Affinity Sutton Estate

 Planning Application PP/15/04878

Sutton Estate

On 15th November 2016 the Planing Committee of RBKC agreed with their officer’s recommendation and resolved to refuse the application subject to any direction from the Mayor of London.  The application will now be referred back to the Mayor (Stage 2) who will advise whether the application can be refused in line with the resolution.  A decision can then be issued following the Mayoral referral.

THE CHELSEA SOCIETY’S POSITION

The Constitution of the Chelsea Society provides that its Objects shall be to preserve and improve the amenities of Chelsea particularly by:-­ (a) stimulating interest in the history, character and traditions of Chelsea; (b) encouraging good architecture, town planning and civic design, the planting and care of trees, and the conservation and proper maintenance of open spaces; (c) seeking the abatement of nuisances; and (d) making representations to the proper authorities on these subjects.

An important amenity of Chelsea has, for the past 100 years or more, been social housing for those who cannot afford market rents and who in recent years have qualified for housing by the local authority. Associated with this has been the provision of estates and buildings which have become part of the fabric of Chelsea. The Society recently published a report of the history of social housing in Chelsea which can be found at: http://chelseasociety.org.uk/wp-­content/uploads/2015/10/shr.pdf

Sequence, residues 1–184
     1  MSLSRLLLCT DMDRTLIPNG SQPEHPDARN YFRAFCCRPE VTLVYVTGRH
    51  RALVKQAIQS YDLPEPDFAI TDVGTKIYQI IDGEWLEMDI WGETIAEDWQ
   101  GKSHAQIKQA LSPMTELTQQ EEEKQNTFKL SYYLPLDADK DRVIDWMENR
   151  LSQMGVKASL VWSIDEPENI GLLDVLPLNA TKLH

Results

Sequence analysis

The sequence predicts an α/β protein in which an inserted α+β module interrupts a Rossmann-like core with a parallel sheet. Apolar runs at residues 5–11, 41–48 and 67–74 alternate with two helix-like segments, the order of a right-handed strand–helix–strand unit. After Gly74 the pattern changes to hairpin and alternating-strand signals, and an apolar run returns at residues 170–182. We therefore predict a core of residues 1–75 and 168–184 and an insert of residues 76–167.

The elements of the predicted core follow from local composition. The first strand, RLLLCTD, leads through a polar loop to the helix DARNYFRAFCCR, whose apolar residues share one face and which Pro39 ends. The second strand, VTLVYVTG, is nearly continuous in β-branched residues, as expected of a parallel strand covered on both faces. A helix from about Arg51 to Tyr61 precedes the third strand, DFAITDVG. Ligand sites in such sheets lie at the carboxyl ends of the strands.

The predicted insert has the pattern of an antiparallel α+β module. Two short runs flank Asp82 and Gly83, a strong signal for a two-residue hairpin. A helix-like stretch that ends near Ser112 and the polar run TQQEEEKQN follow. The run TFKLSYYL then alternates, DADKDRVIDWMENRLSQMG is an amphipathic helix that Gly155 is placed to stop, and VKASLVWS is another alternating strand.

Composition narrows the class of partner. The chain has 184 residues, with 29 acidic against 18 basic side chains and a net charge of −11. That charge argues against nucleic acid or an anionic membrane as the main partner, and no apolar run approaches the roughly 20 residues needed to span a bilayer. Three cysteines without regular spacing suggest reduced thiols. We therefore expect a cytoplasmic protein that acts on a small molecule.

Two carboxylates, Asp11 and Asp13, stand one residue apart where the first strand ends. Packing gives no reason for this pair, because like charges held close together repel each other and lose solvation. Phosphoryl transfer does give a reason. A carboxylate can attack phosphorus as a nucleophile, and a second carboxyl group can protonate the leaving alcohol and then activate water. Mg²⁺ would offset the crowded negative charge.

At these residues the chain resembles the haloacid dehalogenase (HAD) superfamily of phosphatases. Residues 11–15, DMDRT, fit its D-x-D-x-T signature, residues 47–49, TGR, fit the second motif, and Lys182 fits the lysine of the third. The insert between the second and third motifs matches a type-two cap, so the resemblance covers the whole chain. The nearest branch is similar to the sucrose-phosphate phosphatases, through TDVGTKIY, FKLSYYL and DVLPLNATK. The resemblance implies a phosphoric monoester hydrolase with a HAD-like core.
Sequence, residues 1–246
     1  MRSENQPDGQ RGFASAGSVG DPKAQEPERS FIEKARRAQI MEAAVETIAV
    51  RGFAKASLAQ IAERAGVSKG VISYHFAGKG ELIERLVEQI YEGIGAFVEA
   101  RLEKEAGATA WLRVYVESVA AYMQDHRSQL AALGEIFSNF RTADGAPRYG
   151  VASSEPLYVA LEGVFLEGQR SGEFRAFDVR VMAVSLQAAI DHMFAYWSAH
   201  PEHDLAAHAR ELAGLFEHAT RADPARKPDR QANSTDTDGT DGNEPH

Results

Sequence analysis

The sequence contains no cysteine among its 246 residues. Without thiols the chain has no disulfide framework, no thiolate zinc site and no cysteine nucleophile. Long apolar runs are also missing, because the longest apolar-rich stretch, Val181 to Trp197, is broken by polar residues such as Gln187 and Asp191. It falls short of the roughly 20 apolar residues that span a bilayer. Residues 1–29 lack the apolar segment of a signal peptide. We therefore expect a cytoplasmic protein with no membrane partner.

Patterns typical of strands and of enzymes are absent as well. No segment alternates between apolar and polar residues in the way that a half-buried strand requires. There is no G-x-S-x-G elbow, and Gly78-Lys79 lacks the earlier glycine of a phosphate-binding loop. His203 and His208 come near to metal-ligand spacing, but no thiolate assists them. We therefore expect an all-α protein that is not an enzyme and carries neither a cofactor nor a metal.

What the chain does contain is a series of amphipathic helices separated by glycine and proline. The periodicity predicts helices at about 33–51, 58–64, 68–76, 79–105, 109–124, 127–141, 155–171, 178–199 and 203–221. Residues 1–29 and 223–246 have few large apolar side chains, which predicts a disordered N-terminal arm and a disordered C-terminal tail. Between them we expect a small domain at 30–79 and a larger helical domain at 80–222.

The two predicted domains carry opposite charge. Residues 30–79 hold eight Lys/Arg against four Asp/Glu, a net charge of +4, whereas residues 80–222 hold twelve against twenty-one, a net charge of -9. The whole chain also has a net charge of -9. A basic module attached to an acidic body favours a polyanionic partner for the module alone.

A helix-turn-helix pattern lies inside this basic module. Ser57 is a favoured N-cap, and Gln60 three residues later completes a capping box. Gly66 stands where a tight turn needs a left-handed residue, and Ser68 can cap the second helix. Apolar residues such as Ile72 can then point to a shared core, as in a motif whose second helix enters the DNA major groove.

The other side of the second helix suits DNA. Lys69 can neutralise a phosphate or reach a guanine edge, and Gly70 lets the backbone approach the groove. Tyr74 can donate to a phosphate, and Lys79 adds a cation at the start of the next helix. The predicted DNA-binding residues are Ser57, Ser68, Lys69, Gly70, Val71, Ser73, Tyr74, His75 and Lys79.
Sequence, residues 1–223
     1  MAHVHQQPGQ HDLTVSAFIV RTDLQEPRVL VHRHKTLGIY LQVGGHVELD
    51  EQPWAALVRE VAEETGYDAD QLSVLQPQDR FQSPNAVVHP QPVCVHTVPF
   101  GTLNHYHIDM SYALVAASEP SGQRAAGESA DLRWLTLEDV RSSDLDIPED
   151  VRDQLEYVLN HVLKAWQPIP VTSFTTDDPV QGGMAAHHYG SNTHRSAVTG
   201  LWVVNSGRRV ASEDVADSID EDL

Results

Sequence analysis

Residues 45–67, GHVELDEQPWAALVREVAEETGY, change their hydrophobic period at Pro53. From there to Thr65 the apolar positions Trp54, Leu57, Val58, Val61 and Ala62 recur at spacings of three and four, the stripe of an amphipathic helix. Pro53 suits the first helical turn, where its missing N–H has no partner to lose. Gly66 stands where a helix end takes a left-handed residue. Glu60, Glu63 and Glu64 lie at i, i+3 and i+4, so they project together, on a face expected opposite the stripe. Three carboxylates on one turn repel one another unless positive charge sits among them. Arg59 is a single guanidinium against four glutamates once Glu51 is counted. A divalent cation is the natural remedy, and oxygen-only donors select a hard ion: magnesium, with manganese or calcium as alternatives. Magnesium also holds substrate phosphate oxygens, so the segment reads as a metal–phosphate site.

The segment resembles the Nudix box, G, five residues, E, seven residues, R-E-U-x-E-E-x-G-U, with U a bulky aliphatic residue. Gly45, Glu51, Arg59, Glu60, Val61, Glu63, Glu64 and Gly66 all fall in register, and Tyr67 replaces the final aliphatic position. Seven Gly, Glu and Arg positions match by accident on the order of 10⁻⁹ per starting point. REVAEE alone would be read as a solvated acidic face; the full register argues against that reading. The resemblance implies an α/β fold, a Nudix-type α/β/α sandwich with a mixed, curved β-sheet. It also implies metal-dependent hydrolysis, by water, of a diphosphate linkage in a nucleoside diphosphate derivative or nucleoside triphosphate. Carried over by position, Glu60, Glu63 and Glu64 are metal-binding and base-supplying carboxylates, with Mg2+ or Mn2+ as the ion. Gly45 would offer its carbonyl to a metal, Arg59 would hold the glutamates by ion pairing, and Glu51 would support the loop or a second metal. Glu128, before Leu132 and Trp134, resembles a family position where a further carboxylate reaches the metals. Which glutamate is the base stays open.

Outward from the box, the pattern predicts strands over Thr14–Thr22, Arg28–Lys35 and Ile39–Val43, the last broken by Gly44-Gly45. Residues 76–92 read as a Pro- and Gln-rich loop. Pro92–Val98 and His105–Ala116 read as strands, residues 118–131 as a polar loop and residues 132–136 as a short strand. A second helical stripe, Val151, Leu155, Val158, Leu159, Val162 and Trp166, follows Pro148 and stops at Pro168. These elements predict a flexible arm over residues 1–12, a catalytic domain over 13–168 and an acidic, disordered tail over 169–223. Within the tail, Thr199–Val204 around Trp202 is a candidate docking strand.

Sutton Dwellings

The William Sutton Estate is a large estate bounded by Cale St., Elystan St., Marlborough St. and Ixworth Place. It was built in the early 20th century to provide housing for people with very limited incomes. The Society has during 2015 met with campaigners and also with a Director of Affinity Sutton and its project manager. Further, the Society’s Planning Committee has met specifically to consider this important Application. The Society is not for the tenants and against Affinity Sutton nor vice versa.

In summary, the Society’s position is that this planning application should be refused on the grounds that:

1. The architectural style of the proposed replacement buildings is bland and lacking character

2. The proposal fails to maintain, in terms of number of units and floor space, a sufficient amount of accommodation for social housing.

3. There are several major proposals for development in Chelsea – Sutton Estate, Royal Brompton and Royal Marsden Hospitals, Crossrail2, and Thamesbrook. The Society believes that these cannot be considered separately and that the Borough Council should prepare a planning brief for the whole area. All these proposals need to be seen together in terms of aesthetics and phasing of development. In particular St. Luke’s Church is a Grade 1 listed building, and there is a real danger that a piecemeal approach would compromise its context.

The Society views the Application relating to the Sutton Estate in two broad categories: 1. The Buildings, and 2. The present and future occupation of the Estate.

THE BUILDINGS

The Application relates to the existing Sutton Estate Blocks A-­D, E, F, G, H, I, J, K, N & O. The Society notes with approval that the Application does not include blocks L and M with frontage to Cale Street and Elystan Street. These are fine examples of the architecture of the Edwardian period, and it is right that they should be preserved. They are the dominant feature of Chelsea Green, and they include small retail units which are important to the local community.